2014: The New Explorers
A series of panel discussions recorded before an audience at the Auckland Museum
Take two explorers, an astrophysicist and a fashion designer and ask them what it means to push yourself to new physical, creative or intellectual limits, to go where no-one else has gone before?
During the lively discussion at Auckland Museum which ensues, we hear about failure, obsession, and why Captain James T. Kirk from the Starship Enterprise has inspired a navigator to devote a life to discovering the methods of navigation used in the Pacific a thousand years ago.
I think you’re the first person in history to describe Captain James T Kirk as having mana.
– Jesse Mulligan.
Featuring: explorer Kevin Biggar, astrophysicist Prof. Richard Easther, designer Kate Sylvester, celestial navigator Jack Thatcher and host Jesse Mulligan.
When asked by Smart Talk host Jesse Mulligan who inspired him to learn the art of celestial navigation once used by traditional navigators exploring the Pacific, Jack Thatcher gives a surprising reply: “Captain James T Kirk, I suppose,” adding “I’m a Trekkie and proud of it.”
During childhood, when he used to religiously watch Star Trek, he learnt by heart the voiceover which began each programme:
"These are the voyages of the Starship Enterprise. Its five-year mission: to explore strange new worlds, to seek out new life and new civilizations, to boldly go where no man has gone before."
Thatcher recalls these words when he thinks back over his career guiding the double-hulled waka Te Aurere across the Pacific. “I’ve been doing this for twenty-odd years now, and to be absolutely honest, I haven’t found any new civilisations, I haven’t actually boldly gone where no man has gone before. I’ve actually boldly gone where my ancestors had already been.”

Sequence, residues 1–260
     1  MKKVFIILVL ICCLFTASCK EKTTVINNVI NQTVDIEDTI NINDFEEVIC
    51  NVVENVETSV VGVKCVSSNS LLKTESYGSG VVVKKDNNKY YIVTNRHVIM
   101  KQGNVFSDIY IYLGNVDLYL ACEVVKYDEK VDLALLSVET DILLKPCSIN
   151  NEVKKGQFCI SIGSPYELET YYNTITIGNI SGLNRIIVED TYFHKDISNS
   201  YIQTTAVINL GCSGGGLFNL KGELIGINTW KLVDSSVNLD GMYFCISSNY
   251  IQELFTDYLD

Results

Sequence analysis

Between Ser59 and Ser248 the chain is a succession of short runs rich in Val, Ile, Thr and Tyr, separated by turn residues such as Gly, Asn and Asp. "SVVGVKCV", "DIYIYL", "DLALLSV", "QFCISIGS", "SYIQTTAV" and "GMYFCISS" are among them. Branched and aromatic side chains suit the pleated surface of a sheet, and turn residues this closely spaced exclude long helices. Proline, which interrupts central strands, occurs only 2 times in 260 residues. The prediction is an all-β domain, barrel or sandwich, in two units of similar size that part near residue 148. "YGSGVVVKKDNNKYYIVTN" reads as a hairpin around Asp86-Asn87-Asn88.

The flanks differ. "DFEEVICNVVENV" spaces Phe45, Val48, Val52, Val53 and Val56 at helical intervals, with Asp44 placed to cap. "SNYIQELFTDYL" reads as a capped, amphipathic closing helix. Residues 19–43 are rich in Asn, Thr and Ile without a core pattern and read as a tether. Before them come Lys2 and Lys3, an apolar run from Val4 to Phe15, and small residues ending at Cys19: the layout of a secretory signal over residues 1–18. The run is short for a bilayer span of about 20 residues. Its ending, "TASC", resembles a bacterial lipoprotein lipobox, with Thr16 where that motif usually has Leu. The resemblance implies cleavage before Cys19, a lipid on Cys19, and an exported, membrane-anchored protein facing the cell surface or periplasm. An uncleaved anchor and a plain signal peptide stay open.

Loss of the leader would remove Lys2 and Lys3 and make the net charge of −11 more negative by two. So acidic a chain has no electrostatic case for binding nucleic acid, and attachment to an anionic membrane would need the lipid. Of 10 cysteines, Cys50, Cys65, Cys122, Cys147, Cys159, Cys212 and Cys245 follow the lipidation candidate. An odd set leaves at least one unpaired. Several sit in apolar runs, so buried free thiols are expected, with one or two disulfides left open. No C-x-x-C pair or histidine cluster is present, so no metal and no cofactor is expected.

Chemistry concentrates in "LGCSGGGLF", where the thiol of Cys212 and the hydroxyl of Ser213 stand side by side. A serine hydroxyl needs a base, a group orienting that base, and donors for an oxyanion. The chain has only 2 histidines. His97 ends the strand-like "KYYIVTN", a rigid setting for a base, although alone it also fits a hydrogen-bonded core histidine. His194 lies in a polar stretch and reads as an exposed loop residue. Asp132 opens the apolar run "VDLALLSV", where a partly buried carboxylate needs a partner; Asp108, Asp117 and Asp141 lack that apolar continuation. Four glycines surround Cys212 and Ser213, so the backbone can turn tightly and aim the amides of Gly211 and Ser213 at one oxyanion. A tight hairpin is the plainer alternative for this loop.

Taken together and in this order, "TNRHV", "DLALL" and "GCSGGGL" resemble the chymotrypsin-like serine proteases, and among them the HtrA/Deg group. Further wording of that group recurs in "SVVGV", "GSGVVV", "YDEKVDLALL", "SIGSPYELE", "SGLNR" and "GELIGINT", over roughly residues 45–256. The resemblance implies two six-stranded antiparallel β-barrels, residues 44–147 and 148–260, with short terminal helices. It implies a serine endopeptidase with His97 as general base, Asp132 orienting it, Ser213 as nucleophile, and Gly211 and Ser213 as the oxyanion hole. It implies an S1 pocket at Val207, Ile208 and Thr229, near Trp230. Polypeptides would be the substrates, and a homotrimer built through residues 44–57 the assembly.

This session of Smart Talk at the Auckland Museum brought together Thatcher (right) with astrophysicist Richard Easther (second from right) designer Kate Sylvester (centre) and explorer Kevin Biggar (second from left), to talk about the idea of exploration.
For Kate Sylvester, creating successful fashion involves dealing well with failure. Her initial foray exporting to Australia resulted in a multinational company challenging her brand name Sister. “We had to pull all our product back. We were basically banned from trading into Australia. That was such an appalling thing. This was our baby, everything we loved.” The possibility of walking away from that market was considered, but rejected. “The way we resolved it was we changed the brand. It became Kate Sylvester. And so we never looked back.”
To astrophysicist Richard Easther, the failure of ideas is a key part of the scientific process.
I think there’s this myth of science that you sort of sit there waiting for this epiphany and when it happens you know it that it’s happened.
But for him, the reality is very different. “For me epiphanies happen about twice a week. Most of them don’t survive. You think about them for a bit and you realise no that won’t work, or someone’s already done it, or it leads to something which doesn’t look like our universe. For me there’s this continuous process of generating ideas, and then kind of chopping them down. And so 99% – or at least some large fraction – of the ideas I would generate don’t actually lead to anything. There’s always this expectation that things won’t work and it’s only until you’ve checked it multiple times that you know that it’s actually something that’s promising.”
Failure is similarly embraced by explorer Kevin Biggar, with the proviso that it should happen during the lead-up to the expedition, rather than while it’s actually happening. “Mostly we try and avoid what’s going to go wrong by learning from what other expeditions have done and what’s happened to them.”
“When you’re taking on these things you really don’t want anything bad to happen. The perfect expedition is where nothing goes wrong. So you do a lot of research to find out what’s happened in the past. Like in the Transatlantic race, there were two guys out in the middle of the ocean, one turned to the other and said, ‘About your wife and I….,’ and they didn’t make it to the other side.”